Furthermore, the uncoordinated humanitarian interventions, launched and implemented by PRTs, have contributed in endangering the lives of NGHAs aid workers in many ways. The civilian divisions of military teams, for instance, have made it difficult to physically distinguish the military personal from the aid workers. This ambiguity has led the insurgents to target NGHAs staff, quite frequently assuming them as military. Similarly, when the UN Under-Secretary General for Humanitarian Affairs and Emergency Relief Coordinator, John Holmes, visited Afghanistan in June 2008, he expressed:

I agree that there has been and there is to some extent a blurring of lines between military operations and, for example, humanitarian assistance by the PRTs. I think it is very important that PRTs do not involve themselves in humanitarian assistance unless there is absolutely no other alternative for security reasons” (Runge, 2009).

However, such emphasis never proved effective for convincing PRTs to terminate their relief operations.

At this point, the essay outlines four specific areas where NGHAs have increasingly  suffered from the instrumentalisation of humanitarian aid by the military, on the one hand, and the blurred line of responsibilities between civilian and military actors, on the other. The below sub-sections discuss how the current military approach towards the civil-military cooperation trend and the military involvement in development and humanitarian activities undermined the humanitarian principles, overlapped the implemented projects, fuelled the violence and finally reduced the space for humanitarian actors in most of the Afghan local communities to operate.

4.1. Undermining humanitarian principles

Humanitarian aid is based on the principles drawn in the humanitarian code of conduct in which all NGHAs are committed to act accordingly. The essence of these principles – Humanity, Neutrality and Impartiality – is to deliver humanitarian assistance to the vulnerable and needy population regardless of race, ethnic, nationality and political background. Since the PRTs are deployed in Afghanistan for a military and political purpose, therefore; they cannot be perceived as humanitarian actors. The humanitarian actors expressed their concerns continuously about the issue. Save the Children Fund, for instance, declared the humanitarian involvement of military as: “inappropriate and contrary to the fundamental humanitarian principles of independence and impartiality” (Hugh, 2004). Some may argue that the military occupying power has a mandate to ensure the safety and security of the civilian population or NGHAs in the unstable and unsecure environments based on International Humanitarian Law and the 4th Geneva Convention. This never means that the occupying military power can deliver humanitarian aid directly, nor it can legally justify involvement of military in relief operations. In contrast, the present military involvement in delivering humanitarian and development assistance is in violation of international humanitarian principles.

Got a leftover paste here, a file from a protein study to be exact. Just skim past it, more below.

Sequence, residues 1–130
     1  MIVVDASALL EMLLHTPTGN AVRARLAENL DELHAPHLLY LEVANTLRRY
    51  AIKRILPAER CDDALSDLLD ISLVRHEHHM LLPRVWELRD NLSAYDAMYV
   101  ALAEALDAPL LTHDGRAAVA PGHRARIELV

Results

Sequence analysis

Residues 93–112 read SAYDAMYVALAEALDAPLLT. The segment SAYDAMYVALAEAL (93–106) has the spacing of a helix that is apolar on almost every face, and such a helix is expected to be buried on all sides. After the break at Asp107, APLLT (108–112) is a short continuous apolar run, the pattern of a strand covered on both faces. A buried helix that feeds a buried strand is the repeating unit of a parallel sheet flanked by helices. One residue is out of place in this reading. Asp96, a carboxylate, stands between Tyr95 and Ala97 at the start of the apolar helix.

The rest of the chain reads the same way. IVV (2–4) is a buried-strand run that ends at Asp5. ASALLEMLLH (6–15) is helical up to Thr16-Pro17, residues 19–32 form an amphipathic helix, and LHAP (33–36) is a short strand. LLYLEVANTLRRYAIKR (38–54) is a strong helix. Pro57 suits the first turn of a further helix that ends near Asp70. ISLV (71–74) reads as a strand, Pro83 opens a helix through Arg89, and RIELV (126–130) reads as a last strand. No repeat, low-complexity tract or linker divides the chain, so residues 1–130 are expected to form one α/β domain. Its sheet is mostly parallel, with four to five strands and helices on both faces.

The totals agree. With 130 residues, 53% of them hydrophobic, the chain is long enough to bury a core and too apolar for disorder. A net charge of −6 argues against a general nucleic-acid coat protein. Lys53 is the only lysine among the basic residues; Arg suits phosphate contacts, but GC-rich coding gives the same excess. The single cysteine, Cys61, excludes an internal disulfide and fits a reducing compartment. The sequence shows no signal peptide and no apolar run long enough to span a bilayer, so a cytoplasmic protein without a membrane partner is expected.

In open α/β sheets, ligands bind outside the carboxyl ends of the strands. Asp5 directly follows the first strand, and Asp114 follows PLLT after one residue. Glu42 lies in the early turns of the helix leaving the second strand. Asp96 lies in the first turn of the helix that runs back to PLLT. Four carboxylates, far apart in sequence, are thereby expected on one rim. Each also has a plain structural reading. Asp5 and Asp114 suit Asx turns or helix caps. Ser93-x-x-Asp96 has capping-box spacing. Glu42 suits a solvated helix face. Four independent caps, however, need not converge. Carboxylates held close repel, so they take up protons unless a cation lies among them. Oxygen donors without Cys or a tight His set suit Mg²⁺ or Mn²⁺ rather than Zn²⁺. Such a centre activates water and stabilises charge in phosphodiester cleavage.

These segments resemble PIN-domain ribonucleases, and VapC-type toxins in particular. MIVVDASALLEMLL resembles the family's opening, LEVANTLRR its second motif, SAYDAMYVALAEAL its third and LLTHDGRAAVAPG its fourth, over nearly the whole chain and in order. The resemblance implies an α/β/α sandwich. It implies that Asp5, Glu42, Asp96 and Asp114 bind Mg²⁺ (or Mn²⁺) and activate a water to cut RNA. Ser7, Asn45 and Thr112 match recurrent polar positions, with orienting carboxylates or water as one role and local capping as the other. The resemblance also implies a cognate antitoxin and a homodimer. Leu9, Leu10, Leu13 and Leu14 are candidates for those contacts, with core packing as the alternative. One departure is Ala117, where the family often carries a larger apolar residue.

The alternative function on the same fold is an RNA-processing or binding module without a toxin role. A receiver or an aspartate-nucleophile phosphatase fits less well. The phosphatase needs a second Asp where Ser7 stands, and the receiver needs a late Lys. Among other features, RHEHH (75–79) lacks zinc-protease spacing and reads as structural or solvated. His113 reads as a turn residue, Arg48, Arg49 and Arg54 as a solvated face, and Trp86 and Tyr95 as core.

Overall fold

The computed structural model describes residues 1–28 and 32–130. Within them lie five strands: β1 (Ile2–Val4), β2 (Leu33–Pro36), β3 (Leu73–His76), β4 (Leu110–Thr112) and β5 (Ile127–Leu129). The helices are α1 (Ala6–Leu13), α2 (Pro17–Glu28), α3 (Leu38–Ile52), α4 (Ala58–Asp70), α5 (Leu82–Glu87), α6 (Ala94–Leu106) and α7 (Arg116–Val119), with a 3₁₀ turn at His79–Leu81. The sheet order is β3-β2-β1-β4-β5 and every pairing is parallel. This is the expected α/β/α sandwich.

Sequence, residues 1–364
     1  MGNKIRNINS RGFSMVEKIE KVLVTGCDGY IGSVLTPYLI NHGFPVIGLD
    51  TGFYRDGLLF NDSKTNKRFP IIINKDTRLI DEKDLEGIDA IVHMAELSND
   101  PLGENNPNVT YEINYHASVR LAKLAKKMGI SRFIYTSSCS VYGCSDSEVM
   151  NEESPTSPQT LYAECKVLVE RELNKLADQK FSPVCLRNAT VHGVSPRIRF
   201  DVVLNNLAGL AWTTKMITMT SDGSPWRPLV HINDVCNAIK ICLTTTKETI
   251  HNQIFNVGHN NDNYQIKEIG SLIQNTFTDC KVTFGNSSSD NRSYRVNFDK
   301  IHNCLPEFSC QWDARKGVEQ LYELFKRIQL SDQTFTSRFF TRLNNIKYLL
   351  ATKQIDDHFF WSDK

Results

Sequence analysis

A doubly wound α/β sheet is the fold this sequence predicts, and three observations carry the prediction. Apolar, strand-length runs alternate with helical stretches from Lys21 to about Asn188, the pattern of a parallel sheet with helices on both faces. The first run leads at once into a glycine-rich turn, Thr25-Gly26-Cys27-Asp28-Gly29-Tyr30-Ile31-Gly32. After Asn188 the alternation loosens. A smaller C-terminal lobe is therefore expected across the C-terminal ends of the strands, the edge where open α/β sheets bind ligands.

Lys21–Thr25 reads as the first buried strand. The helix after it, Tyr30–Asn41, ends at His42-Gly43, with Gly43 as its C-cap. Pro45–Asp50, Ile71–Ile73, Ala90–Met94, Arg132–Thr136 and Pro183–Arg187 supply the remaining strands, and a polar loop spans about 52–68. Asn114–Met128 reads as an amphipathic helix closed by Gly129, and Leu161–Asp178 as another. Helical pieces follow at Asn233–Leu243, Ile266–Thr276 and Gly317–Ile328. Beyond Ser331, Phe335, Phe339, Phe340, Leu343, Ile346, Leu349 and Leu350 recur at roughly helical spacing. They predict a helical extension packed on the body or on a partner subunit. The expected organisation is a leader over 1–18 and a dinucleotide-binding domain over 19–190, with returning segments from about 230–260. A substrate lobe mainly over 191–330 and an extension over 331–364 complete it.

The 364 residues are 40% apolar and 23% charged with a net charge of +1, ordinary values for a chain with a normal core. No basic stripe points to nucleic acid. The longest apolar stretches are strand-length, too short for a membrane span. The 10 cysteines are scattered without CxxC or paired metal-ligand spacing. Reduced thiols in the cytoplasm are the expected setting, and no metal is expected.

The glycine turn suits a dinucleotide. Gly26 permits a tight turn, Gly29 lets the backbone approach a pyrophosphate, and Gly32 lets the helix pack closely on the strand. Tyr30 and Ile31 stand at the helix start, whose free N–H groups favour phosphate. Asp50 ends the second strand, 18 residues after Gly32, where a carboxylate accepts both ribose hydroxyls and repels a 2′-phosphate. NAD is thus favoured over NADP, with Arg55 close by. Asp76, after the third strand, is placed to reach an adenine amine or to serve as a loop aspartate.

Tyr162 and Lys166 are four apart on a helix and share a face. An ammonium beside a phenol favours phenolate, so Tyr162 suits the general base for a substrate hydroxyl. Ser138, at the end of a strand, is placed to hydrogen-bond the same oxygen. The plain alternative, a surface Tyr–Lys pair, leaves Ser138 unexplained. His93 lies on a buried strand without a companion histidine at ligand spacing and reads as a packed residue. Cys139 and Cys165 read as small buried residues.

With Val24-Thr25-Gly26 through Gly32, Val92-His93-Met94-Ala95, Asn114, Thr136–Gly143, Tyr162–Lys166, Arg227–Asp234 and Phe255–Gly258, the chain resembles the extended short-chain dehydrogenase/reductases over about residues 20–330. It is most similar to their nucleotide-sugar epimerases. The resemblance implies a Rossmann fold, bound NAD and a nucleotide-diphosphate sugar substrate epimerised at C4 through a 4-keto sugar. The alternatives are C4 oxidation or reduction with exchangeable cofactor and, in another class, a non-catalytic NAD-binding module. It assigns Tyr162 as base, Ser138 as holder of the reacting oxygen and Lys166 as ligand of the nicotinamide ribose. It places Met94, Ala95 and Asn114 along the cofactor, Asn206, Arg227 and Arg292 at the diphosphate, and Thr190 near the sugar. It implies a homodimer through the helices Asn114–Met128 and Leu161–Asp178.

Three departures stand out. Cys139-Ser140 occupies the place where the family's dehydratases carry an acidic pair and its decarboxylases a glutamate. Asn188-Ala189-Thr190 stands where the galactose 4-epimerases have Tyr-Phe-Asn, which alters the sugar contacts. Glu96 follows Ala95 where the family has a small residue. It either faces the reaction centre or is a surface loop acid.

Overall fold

In another instance, a press release by NATO/ISAF on December 2007, declared that: “Humanitarian assistance operations are helping both the people of Afghanistan and coalition forces to fight the global war on terror” (ISAF, 2007). The integration of humanitarian assistances with a political agenda of war on terror has significantly undermined the principle of neutrality of NGHAs among the local Afghan population. Moreover, according to Donini (2009, p.2) ICRC is the only international organization that is able to operate neutrally, impartially and independently on both sides of the warring parties. However, thousands of NGHAs are operating in Afghanistan after the fall of Taliban.

4.2. Overlapping interventions

In principle, the roles and responsibilities of PRTs and NGHAs are sharply different, however; in practice these responsibilities are extremely blurred. Under this circumstance, development and humanitarian actors have expressed their concerns about the overlapping of certain implemented projects in the field (Hugh, 2004).

An assessment conducted by the Asian Development Bank (ADB) on Security of ADB Projects in Afghanistan in 2007 revealed a couple of substantial PRT interventions that contradict Article 32.4 of the United Nations Guideline for Civil-Military Cooperation. Here, the paper quotes some of the ADB assessment findings:

Some PRTs include projects linked to health care, education, water supply or waste clearance, in this, there is an overlap with NGO programmes” (Marsden & Arnold, 2007; p.30)

There is some evidence that some PRTs have provided cash to power holders or individual villagers in an effort to win influence” (Marsden & Arnold, 2005; p.31).

Some PRTs, including those led by Spain and Italy, use military personnel for development work” (Marsden & Arnold, 2007, p.30).

As a result of PRT’s constant intrusions without respecting the enacted civil-military cooperation guidelines, the United Nations Office for the Coordination of Humanitarian Aid (UNOCHA) described the increasing influence of military in humanitarian activities as follows:

In NATO and elsewhere there has been an evolution of the doctrine of military–civilian operations, with an increasing tendency for military forces being used to support the delivery of humanitarian aid, and sometimes even to provide this aid directly (Barry and Jefferys,2001, p. 1).

Moreover, another critique against the PRTs involvement in the development and humanitarian sphere is their unprofessionalism. The military actors are not well-trained to implement complex cross-cutting and mutually reinforcing projects at the community level. This awkwardness is bolded in the areas of rebuilding the political institutions and effectively engaging with civil society actors (Jenny, 2007).

4.3. Fuelling violence